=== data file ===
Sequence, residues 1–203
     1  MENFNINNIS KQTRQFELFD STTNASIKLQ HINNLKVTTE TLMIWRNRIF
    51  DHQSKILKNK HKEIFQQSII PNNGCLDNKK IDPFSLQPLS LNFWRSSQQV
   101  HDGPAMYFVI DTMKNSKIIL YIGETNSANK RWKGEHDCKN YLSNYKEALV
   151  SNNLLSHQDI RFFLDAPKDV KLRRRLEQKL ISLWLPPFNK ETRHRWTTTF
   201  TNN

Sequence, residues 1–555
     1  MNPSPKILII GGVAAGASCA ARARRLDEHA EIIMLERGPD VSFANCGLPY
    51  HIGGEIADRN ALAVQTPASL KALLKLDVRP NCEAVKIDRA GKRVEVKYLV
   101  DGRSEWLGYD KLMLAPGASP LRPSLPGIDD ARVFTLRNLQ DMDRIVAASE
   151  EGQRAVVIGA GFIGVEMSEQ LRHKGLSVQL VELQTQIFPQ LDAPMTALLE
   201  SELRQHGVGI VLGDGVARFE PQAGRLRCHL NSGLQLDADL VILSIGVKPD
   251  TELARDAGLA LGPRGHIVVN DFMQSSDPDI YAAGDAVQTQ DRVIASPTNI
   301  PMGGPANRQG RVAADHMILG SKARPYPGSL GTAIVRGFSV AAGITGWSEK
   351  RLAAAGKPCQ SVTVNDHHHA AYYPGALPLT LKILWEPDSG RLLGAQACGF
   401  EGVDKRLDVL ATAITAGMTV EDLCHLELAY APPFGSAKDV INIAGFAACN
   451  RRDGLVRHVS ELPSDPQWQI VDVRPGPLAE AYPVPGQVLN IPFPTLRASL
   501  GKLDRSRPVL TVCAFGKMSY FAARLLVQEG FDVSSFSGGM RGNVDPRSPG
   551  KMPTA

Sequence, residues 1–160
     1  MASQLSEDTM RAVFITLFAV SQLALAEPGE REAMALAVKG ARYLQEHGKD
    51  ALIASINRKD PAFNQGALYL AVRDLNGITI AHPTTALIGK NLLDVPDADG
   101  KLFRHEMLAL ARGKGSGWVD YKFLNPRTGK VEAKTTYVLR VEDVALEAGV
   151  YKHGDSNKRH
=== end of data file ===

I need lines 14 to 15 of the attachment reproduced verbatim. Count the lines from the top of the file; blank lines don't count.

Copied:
   301  PMGGPANRQG RVAADHMILG SKARPYPGSL GTAIVRGFSV AAGITGWSEK
   351  RLAAAGKPCQ SVTVNDHHHA AYYPGALPLT LKILWEPDSG RLLGAQACGF